Manzanar Committee Opposes Construction Of Proposed Perimeter Fence At Tule Lake

A view down one of the streets of the Tule Lake concentration camp,
November 3, 1942.
Photo: Francis Stewart
Photo courtesy Japanese American Relocation Digital Archives
Bancroft Library, University of California, Berkeley

LOS ANGELES — On June 2, the Los Angeles-based Manzanar Committee announced its opposition to a proposed perimeter fence at the Tulelake Municipal Airport, operated by the County of Modoc.

The proposed fence would enclose the perimeter of the airport, which was part of the Tule Lake Segregation Center during World War II.

According to Federal Aviation Administration (FAA) documents, “…the purpose of this fence is to minimize the potential for aircraft-wildlife strikes (primarily deer), and minimize the potential for pedestrians and vehicles to inadvertently encroach on the airport’s runway (pedestrian-vehicle deviations).”

The site of the Tule Lake Segregation Center is now part of the Tule Lake Segregation Center National Historic Landmark (World War II Valor in the Pacific National Monument – Tule Lake Unit), which is located approximately 1,100 feet from the airport.

The FAA, in consultation with the California State Historic Preservation Officer (SHPO), and interested parties, will determine whether the perimeter fence project would affect the Tule Lake Segregation Center National Historic Landmark, and whether the Tulelake Municipal Airport property retains sufficient historic integrity to be eligible for the National Register of Historic Places.

The Tule Lake Committee, sponsors of the Tule Lake Pilgrimage, is leading the way in terms of advocating for the preservation of the Tule Lake site. According to their statement, “…The current proposal to erect an eight-foot high, 16,000-foot long fence through the center of the former concentration camp site will effectively divide the site in half and make it inaccessible to Japanese Americans and other interested parties who want to visit the site.”

“Many visitors to the site typically seek the location of the barrack where their family was assigned,” the statement continued. “They want to traverse the site to experience the dimension and magnitude of the place, to gain a sense of the distances family members walked in their daily routine to eat meals, attend school, to do laundry and use the latrines. They want to summon up the ghosts of the place, to revive long-suppressed memories and to mourn personal and collective loss.”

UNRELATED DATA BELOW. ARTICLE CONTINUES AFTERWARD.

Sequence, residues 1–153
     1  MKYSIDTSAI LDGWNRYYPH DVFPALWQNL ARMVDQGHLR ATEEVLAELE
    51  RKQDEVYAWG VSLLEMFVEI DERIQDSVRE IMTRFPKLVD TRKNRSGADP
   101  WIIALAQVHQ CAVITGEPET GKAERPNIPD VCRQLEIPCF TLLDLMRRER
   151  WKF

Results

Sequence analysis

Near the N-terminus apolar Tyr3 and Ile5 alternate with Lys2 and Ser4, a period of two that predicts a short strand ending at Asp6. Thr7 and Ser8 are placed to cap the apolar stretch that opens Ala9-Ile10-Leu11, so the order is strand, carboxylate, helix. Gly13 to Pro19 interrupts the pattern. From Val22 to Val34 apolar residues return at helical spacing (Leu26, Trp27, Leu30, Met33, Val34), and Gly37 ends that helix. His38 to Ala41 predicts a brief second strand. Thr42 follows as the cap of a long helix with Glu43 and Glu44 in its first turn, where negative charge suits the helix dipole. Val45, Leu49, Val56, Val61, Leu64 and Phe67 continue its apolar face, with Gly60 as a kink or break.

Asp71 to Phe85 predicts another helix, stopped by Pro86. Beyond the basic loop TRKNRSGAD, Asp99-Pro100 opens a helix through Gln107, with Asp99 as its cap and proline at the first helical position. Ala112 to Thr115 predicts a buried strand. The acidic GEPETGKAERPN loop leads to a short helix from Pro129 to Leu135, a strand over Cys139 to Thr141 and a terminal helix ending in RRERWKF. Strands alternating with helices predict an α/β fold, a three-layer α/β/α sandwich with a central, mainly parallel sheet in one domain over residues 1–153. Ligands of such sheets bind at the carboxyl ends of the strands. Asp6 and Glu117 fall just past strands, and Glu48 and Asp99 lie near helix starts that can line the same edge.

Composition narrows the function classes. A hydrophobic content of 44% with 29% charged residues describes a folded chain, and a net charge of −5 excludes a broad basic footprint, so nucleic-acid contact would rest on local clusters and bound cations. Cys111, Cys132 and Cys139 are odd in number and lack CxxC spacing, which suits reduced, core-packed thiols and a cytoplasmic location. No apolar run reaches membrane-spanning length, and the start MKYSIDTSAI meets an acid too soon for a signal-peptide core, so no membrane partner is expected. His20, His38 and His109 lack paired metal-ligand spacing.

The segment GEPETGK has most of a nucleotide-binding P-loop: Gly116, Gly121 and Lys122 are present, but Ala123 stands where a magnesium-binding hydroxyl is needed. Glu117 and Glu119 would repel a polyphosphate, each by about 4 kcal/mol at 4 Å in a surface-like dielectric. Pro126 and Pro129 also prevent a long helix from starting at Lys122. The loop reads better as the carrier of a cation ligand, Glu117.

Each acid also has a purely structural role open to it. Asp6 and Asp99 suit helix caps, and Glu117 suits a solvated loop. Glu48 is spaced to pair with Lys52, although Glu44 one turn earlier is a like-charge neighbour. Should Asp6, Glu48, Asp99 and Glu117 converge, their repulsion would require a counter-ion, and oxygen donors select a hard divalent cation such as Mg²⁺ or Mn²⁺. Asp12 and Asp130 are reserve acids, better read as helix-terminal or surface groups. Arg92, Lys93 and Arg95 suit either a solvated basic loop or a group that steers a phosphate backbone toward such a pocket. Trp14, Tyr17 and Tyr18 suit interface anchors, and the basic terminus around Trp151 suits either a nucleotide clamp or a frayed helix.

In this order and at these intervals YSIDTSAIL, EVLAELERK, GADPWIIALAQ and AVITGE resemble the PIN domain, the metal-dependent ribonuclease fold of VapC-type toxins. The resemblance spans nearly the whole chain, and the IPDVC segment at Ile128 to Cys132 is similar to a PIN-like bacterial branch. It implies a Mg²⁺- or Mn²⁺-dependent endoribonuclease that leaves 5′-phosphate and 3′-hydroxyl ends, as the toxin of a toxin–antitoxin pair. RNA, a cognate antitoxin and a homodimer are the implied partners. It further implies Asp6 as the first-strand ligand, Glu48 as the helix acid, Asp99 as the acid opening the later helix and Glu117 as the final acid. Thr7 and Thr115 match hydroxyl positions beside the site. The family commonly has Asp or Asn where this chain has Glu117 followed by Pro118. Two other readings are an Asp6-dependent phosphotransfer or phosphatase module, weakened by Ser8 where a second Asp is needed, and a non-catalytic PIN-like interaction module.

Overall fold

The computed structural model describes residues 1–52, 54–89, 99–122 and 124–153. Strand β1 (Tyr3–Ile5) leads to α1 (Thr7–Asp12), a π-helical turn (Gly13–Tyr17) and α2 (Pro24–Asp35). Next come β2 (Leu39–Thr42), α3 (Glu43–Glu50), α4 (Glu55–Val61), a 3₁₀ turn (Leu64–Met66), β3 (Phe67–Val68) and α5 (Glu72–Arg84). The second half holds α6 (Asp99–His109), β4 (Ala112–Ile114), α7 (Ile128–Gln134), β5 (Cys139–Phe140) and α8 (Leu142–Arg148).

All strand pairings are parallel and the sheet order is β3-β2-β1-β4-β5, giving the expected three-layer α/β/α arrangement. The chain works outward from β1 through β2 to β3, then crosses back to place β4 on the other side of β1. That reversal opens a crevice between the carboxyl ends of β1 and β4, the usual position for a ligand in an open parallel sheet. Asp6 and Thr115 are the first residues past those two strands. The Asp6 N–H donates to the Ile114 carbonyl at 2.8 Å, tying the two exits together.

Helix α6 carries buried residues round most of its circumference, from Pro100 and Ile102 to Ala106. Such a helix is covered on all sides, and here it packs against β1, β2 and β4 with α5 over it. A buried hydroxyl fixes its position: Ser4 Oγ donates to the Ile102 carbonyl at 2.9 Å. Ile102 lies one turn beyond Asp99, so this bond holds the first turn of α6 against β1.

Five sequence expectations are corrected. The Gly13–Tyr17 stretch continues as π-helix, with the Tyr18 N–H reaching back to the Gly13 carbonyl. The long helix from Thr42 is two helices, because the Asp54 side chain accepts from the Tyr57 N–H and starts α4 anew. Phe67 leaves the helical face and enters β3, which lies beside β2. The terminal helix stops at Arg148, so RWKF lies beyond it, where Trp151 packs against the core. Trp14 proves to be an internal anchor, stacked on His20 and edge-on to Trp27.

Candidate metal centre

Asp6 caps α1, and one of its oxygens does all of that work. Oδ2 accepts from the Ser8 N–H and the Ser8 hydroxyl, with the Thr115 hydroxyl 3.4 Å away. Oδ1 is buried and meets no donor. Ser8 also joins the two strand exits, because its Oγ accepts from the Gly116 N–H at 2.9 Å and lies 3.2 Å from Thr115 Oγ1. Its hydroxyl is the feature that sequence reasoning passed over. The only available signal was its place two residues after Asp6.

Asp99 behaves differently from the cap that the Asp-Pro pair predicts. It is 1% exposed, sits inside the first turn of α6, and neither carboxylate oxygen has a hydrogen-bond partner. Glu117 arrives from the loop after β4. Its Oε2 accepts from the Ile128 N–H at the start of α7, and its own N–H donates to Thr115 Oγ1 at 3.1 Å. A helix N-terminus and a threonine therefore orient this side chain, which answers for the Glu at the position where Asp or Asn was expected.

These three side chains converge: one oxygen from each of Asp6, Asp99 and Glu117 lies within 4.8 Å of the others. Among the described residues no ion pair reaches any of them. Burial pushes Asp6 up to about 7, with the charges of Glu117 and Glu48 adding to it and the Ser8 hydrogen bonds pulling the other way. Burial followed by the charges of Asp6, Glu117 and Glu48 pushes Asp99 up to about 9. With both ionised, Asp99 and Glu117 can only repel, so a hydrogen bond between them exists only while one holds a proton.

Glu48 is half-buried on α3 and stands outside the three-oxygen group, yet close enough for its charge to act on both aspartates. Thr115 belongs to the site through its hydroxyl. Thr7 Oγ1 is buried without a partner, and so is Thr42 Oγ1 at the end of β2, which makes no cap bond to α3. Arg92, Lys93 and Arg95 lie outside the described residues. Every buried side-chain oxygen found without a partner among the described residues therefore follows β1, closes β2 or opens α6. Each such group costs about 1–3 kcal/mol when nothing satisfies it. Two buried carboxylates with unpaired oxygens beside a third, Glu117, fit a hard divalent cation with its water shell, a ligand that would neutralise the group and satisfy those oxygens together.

“Presence of a three-mile long fence in the very center of the Tule Lake site will impede such reflection. Rather than being able to traverse the site, visitors would be confronted by a massive, intimidating fence built to let them know they are trespassers who are unwelcome and being warned away.”

Having sponsored the annual Manzanar Pilgrimage for 43 years, and having worked with the National Park Service, and the California SHPO on the creation of the Manzanar National Historic Site, the Manzanar Committee has a unique perspective on this issue.

“The Manzanar Committee has sponsored the annual Manzanar Pilgrimage since 1969, at the site of the former Manzanar concentration camp in California’s Owens Valley, which became the Manzanar National Historic Site in 1992,” said Manzanar Committee Co-Chair Bruce Embrey. “Over 1,300 people participated in an interfaith ceremony, toured the site, and visited the Interpretive Center this past April, during the 43rd Annual Manzanar Pilgrimage.”

“Over the years, we have learned just how important seeing the site is to be able to comprehend and understand the conditions and characteristics of the Manzanar concentration camp,” added Embrey. “Being able to interact with the actual physical landscape, experience the climate first-hand, and see the remnants of the buildings unfettered is absolutely essential to a serious appreciation of what life was like during incarceration at Manzanar, as well as the other American concentration camps, and other confinement sites throughout the United States. This is precisely why the National Park Service and its volunteers conduct walking tours at Manzanar whenever possible, and this is always an integral component of our annual Pilgrimage.”

The Manzanar Committee opposes the construction of the perimeter fence, and fully supports the Tule Lake Committee’s efforts.

“Constructing an imposing physical barrier, such as a eight-foot high fence, would negatively impact the Tule Lake site,” Embrey stressed. “The Manzanar Committee strongly opposes the construction of the proposed perimeter fence, and we offer our unswerving support of the efforts of the Tule Lake Committee in preserving the Tule Lake Segregation Center.”


The Manzanar Committee is dedicated to educating and raising public awareness about the incarceration and violation of civil rights of persons of Japanese ancestry during World War II and to the continuing struggle of all peoples when Constitutional rights are in danger. A non-profit organization that has sponsored the annual Manzanar Pilgrimage since 1969, along with other educational programs, the Manzanar Committee has also played a key role in the establishment and continued development of the Manzanar National Historic Site.

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The above historic photograph of the Tule Lake concentration camp is in the public domain. A large collection of such photographs are available from the Japanese American Relocation Digital Archives, University of California, Berkeley, Bancroft Library.

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